Clipper bills itself as making ultralight pop up trailers so you cane easily tow them with a variety of vehicles. The V-Trek is the off-grid model so you can go out boondocking in style.
When it comes to all the options with Coachman, it’s probably best to head to a dealer and tour these pop up trailers yourself.
3) Rockwood Hard-Sided Pop Up Camper by Forest River – price varies
- Weight: 2,000-2,700 pounds
- Features: Water pump, hot water heater, kitchen with range and microwave, optional shower and porta potty
We love this hard sided pop up camper because it’s the best of both worlds. Not only does it have the portability and storability of the best pop-up campers, it also has the hard sides of a typical travel trailer.
Yes, this amazing little A-frame camper does condense down into a sleek, towable camper. This hard-sided pop up camper is made out of fiberglass and is quick and easy to set up.
Don’t like the A-frame? Forest River has other Rockwood varieties, including one that looks more like a typical pop up trailer.
To boot, you can get any Rockwood camper with the “Extreme Sports Package,” which is designed for active couples and families. The ESP comes with mount crossbars that can store outdoor gear like bicycles and kayaks, and more tech than their pop-up counterparts, such as the WiFi Ranger.
4) Quicksilver Pop Up Trailer by Livin Lite – $12,000
- Weight: 694-1,106
- Features: Hand-pump sink with water tank, marine-grade vinyl cushions, 12-volt fans for each bunk. Add-ons include a stovetop, furnace, and air conditioner
These pop up campers for sale by Livin Lite are meant to be hardy and very lightweight. Their aluminum cabinetry, tubular aluminum frame and composite countertops all contribute to their extremely light design.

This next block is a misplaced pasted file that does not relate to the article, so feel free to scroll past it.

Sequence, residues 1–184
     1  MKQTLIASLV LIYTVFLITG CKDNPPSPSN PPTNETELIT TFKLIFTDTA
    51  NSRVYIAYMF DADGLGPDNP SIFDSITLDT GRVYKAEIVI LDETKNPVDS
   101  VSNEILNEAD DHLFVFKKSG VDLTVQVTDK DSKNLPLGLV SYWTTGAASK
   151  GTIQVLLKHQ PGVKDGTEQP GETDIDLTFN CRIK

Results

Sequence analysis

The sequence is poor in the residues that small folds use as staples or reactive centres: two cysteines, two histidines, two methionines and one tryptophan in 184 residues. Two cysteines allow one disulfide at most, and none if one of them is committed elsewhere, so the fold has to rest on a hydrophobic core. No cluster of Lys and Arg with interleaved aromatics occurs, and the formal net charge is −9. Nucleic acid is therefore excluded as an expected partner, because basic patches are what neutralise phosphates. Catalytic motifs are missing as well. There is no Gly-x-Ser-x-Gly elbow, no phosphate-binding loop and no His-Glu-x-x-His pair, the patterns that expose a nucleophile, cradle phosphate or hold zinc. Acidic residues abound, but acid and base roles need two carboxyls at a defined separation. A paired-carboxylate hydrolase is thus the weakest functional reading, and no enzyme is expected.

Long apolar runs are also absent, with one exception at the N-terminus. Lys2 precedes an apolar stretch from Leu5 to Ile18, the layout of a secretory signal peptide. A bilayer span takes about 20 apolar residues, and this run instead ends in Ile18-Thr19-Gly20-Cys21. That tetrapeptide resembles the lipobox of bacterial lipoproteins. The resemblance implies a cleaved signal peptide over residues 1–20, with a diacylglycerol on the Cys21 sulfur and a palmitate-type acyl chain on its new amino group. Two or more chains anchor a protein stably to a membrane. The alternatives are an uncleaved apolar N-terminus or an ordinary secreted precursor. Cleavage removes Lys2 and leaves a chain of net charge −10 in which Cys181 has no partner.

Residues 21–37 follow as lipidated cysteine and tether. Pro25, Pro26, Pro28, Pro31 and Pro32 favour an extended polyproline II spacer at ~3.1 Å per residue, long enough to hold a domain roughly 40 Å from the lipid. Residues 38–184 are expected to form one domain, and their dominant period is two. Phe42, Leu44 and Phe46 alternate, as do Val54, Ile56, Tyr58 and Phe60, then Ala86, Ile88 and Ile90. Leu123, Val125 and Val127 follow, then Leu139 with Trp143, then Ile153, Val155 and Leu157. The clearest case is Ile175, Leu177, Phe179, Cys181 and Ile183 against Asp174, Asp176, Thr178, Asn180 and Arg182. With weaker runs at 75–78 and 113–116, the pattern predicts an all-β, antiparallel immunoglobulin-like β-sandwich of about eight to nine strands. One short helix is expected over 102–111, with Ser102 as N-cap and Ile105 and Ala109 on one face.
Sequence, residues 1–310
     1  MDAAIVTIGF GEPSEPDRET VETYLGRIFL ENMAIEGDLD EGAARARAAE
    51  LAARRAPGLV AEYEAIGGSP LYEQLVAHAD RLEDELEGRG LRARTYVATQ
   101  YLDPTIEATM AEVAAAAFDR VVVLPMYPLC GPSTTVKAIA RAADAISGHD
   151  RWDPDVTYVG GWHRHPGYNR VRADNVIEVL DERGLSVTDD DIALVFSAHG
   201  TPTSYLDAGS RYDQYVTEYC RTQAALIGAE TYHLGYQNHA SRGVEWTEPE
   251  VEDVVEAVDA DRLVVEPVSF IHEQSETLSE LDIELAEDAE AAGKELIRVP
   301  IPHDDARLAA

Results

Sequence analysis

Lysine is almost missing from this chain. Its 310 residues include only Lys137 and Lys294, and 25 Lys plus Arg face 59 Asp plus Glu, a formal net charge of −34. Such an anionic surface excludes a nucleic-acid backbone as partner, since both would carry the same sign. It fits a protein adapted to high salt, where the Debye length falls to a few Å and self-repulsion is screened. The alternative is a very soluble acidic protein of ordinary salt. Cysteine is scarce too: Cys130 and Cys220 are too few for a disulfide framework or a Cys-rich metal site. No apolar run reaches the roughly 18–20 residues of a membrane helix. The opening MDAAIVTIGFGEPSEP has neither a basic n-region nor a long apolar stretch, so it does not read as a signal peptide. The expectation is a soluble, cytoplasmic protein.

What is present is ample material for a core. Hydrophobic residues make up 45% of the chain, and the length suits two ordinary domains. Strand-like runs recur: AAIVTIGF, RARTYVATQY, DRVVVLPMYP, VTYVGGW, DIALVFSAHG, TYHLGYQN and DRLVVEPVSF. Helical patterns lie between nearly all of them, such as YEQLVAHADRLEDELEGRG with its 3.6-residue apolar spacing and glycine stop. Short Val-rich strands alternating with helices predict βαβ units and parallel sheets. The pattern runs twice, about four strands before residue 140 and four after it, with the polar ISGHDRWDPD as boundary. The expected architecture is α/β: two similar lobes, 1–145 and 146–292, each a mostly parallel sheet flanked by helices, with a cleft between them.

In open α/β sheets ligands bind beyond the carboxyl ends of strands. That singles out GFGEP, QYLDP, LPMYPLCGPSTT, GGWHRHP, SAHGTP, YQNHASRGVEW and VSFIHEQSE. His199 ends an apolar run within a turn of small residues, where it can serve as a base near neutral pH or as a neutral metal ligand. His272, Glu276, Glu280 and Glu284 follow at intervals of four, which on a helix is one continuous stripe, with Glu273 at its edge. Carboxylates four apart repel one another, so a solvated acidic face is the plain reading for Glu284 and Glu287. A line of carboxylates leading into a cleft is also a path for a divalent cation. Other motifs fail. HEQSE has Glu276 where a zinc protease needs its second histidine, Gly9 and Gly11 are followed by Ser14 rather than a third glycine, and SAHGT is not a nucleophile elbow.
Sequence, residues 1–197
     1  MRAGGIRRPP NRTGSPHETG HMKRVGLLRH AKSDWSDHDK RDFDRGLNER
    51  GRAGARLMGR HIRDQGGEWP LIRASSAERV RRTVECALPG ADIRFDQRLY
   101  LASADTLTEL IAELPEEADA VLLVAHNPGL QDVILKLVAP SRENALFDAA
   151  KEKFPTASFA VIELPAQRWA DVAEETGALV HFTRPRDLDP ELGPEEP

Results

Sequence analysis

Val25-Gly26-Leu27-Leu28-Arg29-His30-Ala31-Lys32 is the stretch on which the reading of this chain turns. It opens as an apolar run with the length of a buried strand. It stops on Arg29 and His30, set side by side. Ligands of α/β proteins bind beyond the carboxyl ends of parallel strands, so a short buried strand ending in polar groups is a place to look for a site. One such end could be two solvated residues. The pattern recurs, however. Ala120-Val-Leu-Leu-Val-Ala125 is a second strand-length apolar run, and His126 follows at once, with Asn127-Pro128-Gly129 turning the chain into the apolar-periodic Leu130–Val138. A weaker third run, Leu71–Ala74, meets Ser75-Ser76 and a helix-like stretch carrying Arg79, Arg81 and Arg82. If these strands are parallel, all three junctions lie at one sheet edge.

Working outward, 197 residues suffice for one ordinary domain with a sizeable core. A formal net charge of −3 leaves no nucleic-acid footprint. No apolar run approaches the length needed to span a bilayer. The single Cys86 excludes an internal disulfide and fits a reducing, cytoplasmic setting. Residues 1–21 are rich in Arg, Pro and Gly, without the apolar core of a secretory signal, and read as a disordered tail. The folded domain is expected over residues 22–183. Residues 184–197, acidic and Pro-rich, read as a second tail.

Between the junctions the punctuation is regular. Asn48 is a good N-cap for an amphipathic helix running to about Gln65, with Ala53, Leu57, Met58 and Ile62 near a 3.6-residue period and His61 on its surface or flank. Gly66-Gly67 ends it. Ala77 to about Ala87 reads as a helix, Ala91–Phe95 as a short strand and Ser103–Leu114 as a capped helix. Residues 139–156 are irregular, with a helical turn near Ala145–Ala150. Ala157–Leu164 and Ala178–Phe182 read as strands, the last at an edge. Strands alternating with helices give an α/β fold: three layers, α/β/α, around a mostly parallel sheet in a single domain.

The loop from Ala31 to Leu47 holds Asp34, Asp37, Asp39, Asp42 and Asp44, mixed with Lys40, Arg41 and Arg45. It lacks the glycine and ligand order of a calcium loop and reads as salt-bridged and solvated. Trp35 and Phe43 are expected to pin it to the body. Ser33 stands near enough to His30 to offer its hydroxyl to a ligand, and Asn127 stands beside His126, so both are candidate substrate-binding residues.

You won’t get tons of bells and whistles with this best pop up camper, but you can choose your exterior color and from four different floorplans.
Unlike most pop up campers, the Quicksilver camper does not have a hard roof. Instead, the entire thing is made from canvas and folds together to create a watertight seal for storage. One benefit of a soft roof is you don’t have to deal with winches and cranks to set up this pop up camper.
This is a great budget camper that can be easily towed, stored and set up.
Livin’ Lite is no longer making these pop up trailers, so you’ll have to buy one used from a site like RVTrader.com.
5) Aliner – Somerset Camper Trailer – $20,000
- Weight: 2,700
- Features: Kitchen with stove and refrigerator, 6-gallon water heater, 16,000 BTU furnace, toilet, 12-volt electric water pump and a stereo with both inside and outside speakers
The Aliner Somerset pop up campers for sale come in several different varieties – the Grand Tour Ultra Light, Grand Tour and Evolution, offering five different models.
Grand Tour Series pop up trailers come with two king-sized beds in the pull-out slides. All the campers have a no-spill, swing-level galley which allows for super easy setup.
The Somerset camping trailer is the only folding trailer made with a 6-inch tubular steel frame construction and Posi-Lock™ lift system, which all makes setup a breeze.